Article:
You can’t have open borders and a generous welfare state
Now that Congress has passed ObamaCare, some are pressing the White House to turn to immigration reform. Only hours before House Democrats voted on March 21 for a federal takeover of the U.S. health-care system, thousands of demonstrators led by liberal activists gathered on the National Mall to demand more open immigration policies and “Legalization Now!” for undocumented aliens.
But a larger welfare state is not conducive to comprehensive immigration reform. If foreigners start coming for handouts instead of economic opportunity, tighter restrictions will be justified.
American liberals have advocated the creation of a European-style welfare state since at least the 1960s. Yet according to the Organization for Economic Cooperation and Development, Europe still spends twice as much as the U.S. on social programs—20% of gross domestic product versus 10%—and assistance aimed at the poor and the unemployed is especially generous. Also more generous, in the main, are European public pensions—wealth-redistribution mechanisms that effectively take from the affluent young and give to the old.
The U.S.-Europe welfare disparity to a large extent reflects different attitudes and preferences. Europeans tend to view the poor as hard-luck cases who aren’t personally responsible for their situation, while Americans perceive welfare recipients as shiftless cheats. A 2005 World Values Survey found that 71% of Americans see poverty as a condition that can be overcome by dint of hard work, while only 40% of Europeans share that viewpoint.
As voters came to understand ObamaCare for what it is—another enormous, underfunded entitlement program that will expand the welfare state and increase dependency on government—it’s no wonder that they turned against the bill. (A CNN poll on the day of the climactic House vote found that 59% of respondents opposed the legislation, versus 39% who favored it.)
And as taxes rise to subsidize higher health-care premiums, the program’s unpopularity is likely to grow. The White House and Democrats in Congress don’t seem to care what the polls show, but attitudes toward ObamaCare could bode ill for passing any immigration reform that includes legalizing the undocumented or lifting immigrant quotas to reduce pressure on the border.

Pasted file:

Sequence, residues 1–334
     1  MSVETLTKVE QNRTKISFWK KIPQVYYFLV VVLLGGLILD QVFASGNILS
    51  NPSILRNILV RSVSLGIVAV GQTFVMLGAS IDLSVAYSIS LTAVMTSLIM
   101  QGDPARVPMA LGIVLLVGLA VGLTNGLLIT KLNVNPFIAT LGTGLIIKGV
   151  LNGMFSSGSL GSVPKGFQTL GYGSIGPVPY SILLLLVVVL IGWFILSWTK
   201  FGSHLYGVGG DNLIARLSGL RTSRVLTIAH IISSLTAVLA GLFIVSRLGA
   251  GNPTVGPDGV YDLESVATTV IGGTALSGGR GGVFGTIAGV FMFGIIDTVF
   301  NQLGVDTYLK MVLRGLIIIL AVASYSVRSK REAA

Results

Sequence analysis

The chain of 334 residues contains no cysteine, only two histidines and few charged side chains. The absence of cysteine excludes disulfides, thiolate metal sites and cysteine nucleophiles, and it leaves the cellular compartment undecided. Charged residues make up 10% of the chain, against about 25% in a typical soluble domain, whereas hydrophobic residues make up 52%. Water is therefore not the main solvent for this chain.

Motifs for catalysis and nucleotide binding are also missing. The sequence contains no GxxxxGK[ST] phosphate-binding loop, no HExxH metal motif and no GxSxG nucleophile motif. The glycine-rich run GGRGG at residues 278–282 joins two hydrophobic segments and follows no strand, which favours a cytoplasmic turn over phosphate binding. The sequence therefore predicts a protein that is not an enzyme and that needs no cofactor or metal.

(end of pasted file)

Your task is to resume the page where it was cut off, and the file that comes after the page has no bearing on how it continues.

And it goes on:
Belief in social mobility has informed welfare and immigration policy from colonial times. In 1645 the Massachusetts Bay colony was already barring paupers. And in 1882, when Congress finally passed the country’s first major piece of immigration legislation, it specifically prohibited entry to “any person unable to take care of himself or herself without becoming a public charge.”
A problem that immigration reformers face is the public perception—fed by restrictionists and exacerbated during economic downturns—that the U.S. welfare state is already a magnet for poor immigrants in search of government assistance. It’s true that the U.S. attracts poor people, but it’s also true that they come here to work, not to go on the dole. We know this because the data consistently show that foreign nationals in the U.S. are more likely than natives to be employed and less likely than low-income natives to be receiving public benefits.
During the recent health-care debate, uninsured illegals were scapegoated for crowded emergency rooms and rising costs. In fact, the uninsured use the ER in rough proportion to their percentage of the population. It’s a myth that undocumented immigrants are driving U.S. heath-care costs.
Even Harvard economist George Borjas, a prominent immigration restrictionist, concedes that the welfare magnet argument for sealing the border can’t withstand scrutiny. “[T]here exists the possibility that welfare attracts persons who otherwise would not have migrated to the United States,” he writes in “Heaven’s Door,” his influential book on immigration policy. “Although this is the magnetic effect that comes up most often in the immigration debate, it is also the one for which there is no empirical support.”
While there’s no evidence that immigrants come here for public assistance, that could change as the U.S. welfare state grows. And one consequence could be less-welcoming immigration policies. The European experience is instructive.
In countries such as France, Italy and the Netherlands, excessively generous public benefits have lured poor migrants who tend to be heavy users of welfare and less likely than natives to join the work force. Milton Friedman famously remarked, “you can’t have free immigration and a welfare state.” There is a tipping point, even if the U.S. has yet to reach it.
Due to the growth of existing entitlement programs to accommodate retiring baby boomers, the U.S. welfare state was destined to expand even before ObamaCare’s excesses. And large-scale immigration reform this year was always a long shot with unemployment pushing 10% and midterm elections in November. But left-wing immigrant advocates should be mindful that the two issues aren’t unrelated.
Immigrants to the U.S. historically have been significant contributors to the growth and vitality of our labor force because the vast majority come for the right reasons. Don’t change the incentives.